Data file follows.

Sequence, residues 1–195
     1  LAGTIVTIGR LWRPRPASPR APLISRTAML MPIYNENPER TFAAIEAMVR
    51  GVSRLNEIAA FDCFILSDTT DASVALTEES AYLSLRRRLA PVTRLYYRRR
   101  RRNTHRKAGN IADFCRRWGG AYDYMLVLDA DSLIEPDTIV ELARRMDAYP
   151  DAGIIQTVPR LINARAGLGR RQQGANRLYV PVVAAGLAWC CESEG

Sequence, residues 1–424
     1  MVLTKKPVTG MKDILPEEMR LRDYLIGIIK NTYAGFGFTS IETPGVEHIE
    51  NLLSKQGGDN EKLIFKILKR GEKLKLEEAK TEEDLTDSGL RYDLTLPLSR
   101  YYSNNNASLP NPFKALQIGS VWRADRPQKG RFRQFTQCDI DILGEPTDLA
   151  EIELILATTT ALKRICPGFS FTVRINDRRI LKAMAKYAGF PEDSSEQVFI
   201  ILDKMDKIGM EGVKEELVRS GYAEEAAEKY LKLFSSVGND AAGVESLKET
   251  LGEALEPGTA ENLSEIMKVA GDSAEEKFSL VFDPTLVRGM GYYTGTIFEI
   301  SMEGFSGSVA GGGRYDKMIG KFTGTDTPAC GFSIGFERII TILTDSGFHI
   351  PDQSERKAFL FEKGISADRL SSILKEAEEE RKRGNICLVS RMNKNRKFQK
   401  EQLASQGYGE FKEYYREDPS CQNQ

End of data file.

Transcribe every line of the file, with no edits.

Sequence, residues 1–195
     1  LAGTIVTIGR LWRPRPASPR APLISRTAML MPIYNENPER TFAAIEAMVR
    51  GVSRLNEIAA FDCFILSDTT DASVALTEES AYLSLRRRLA PVTRLYYRRR
   101  RRNTHRKAGN IADFCRRWGG AYDYMLVLDA DSLIEPDTIV ELARRMDAYP
   151  DAGIIQTVPR LINARAGLGR RQQGANRLYV PVVAAGLAWC CESEG

Sequence, residues 1–424
     1  MVLTKKPVTG MKDILPEEMR LRDYLIGIIK NTYAGFGFTS IETPGVEHIE
    51  NLLSKQGGDN EKLIFKILKR GEKLKLEEAK TEEDLTDSGL RYDLTLPLSR
   101  YYSNNNASLP NPFKALQIGS VWRADRPQKG RFRQFTQCDI DILGEPTDLA
   151  EIELILATTT ALKRICPGFS FTVRINDRRI LKAMAKYAGF PEDSSEQVFI
   201  ILDKMDKIGM EGVKEELVRS GYAEEAAEKY LKLFSSVGND AAGVESLKET
   251  LGEALEPGTA ENLSEIMKVA GDSAEEKFSL VFDPTLVRGM GYYTGTIFEI
   301  SMEGFSGSVA GGGRYDKMIG KFTGTDTPAC GFSIGFERII TILTDSGFHI
   351  PDQSERKAFL FEKGISADRL SSILKEAEEE RKRGNICLVS RMNKNRKFQK
   401  EQLASQGYGE FKEYYREDPS CQNQ